In recent two years, China's trade structure has kept improving. Its exports to developing countries account for more than 50% of its total, the scale of general trade is bigger than that of processing trade, private enterprises have increased their exports, the external and the internal imbalances are alleviated to some extent, and the trade surplus in GDP has decreased to less than 3%. Changes have been reported in the geographic distribution of exporters in the country. While the places with a high concentration of export-oriented industries saw a decline in exports, part of the western and central regions experienced a much faster growth. In the first two months of 2012, Chongqing, Henan, Anhui, Hunan and some other provinces all achieved a double-digit export growth. The record high trade deficit in February is not indicative of a reverse in the tendency. Rather, it is associated with the usual practice of foreign trade enterprises to import more than export after the Spring Festival and also with the international price trend.

Compared with the previous few months, the world economy is experiencing certain positive changes. The US economy shows signs of a modest recovery, with unemployment decreased, household debt ratio further reduced, consumer spending continuing to grow, real estate market beginning to stabilize and home sales and housing starts rebounding. The University of Michigan's Consumer Sentiment Index measured 76.2 in March, and the three-month average was the highest since 2008, indicating a boosted consumer confidence. Reponses to the European Debt Crisis made phased progress and the financial market began to stabilize. With the adoption of the new Assistance Program for Greece, the financial consolidation measures were well on track. The European Central Bank is improving the liquidity of the banking system by injecting liquidity through long-term refinancing operations (LTRO) and building firewalls and other long-term protection mechanisms. In Japan, though its economic recovery was impacted by power shortage and Yen appreciation, the catalytic role of post-disaster reconstruction became prominent, and now the Japanese economy has been recovered to the pre-earthquake level. With the pressure of inflation relieved on the emerging economies, various countries began to ease their macroeconomic control and the policy-related slowdown in the economic growth is expected to improve. At the same time, China should be aware that the path toward global economic recovery is still tortuous, uncertain and thus not too optimistic. Developed economies introduced contractionary fiscal policies due to their enormous debts and increased pressures on reducing financial deficits. While there lacks target areas of investment with clear growth potential, the effect of an easy money policy is limited. It is difficult to make concrete progress in structural adjustment, development of emerging industries, growth of the real economy and many other basic issues in the near term, and no evidence shows a turn for the better will come in the predictable future.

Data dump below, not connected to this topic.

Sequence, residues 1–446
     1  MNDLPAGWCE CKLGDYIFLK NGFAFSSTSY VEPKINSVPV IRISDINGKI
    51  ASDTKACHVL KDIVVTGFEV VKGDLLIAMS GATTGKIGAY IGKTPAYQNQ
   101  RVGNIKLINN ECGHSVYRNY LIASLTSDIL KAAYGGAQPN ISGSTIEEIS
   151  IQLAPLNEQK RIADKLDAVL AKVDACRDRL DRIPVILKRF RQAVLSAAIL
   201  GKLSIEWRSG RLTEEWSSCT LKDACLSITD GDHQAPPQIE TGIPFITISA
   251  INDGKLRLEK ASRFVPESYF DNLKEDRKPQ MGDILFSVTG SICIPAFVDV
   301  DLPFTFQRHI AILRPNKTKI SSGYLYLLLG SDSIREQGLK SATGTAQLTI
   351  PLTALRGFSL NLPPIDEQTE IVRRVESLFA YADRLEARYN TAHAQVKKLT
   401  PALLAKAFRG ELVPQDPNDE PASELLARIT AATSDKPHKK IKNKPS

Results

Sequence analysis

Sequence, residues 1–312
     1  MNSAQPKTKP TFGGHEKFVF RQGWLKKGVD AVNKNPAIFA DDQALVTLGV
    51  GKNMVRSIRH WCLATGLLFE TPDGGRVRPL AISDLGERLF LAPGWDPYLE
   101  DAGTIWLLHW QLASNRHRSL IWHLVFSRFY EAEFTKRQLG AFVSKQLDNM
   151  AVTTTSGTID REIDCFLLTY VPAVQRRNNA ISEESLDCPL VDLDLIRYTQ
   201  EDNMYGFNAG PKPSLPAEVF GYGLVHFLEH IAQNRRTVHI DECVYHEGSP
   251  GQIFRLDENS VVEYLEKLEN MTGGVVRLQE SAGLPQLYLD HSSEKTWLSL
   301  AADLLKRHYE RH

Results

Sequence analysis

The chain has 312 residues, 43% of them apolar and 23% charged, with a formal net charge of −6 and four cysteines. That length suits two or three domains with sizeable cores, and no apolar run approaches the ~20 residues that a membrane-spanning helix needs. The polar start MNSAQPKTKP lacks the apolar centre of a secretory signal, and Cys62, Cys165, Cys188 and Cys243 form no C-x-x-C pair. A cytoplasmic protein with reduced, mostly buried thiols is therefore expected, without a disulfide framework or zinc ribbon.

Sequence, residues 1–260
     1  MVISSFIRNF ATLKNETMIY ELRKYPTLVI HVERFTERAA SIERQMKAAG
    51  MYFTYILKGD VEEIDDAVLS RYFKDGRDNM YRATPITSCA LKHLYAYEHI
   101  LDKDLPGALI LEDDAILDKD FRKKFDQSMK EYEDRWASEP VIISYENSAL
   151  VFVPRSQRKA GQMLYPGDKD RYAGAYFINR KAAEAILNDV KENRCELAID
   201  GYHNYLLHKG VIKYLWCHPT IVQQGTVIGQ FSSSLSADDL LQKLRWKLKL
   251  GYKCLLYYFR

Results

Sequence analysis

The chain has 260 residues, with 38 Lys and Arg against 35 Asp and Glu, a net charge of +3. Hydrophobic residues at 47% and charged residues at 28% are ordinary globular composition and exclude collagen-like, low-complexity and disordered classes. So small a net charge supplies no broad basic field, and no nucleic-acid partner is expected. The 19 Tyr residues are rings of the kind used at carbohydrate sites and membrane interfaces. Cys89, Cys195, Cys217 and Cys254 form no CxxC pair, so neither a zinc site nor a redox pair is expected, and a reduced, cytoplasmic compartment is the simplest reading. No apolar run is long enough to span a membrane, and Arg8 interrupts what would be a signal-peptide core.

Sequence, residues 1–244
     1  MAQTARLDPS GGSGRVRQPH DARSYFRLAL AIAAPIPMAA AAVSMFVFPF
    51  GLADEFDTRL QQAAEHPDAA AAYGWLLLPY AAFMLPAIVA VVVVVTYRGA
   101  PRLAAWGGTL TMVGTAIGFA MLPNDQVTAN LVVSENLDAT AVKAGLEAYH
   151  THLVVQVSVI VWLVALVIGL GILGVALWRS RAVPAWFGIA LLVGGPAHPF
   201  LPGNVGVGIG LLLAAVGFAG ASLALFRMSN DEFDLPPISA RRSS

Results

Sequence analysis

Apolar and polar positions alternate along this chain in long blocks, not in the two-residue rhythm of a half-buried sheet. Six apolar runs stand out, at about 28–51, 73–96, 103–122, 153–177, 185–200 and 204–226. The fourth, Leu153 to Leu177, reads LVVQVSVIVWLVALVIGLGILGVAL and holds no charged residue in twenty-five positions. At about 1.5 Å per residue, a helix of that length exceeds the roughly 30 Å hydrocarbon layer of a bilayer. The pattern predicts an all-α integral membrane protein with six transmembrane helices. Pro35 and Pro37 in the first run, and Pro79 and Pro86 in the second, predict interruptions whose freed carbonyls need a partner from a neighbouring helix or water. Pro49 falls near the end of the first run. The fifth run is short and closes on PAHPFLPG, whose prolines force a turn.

With all the changes in the domestic and international situation, the exports of China are expected to edge up to an annual growth rate of 15%, higher than the estimate of 10% made at the end of last year.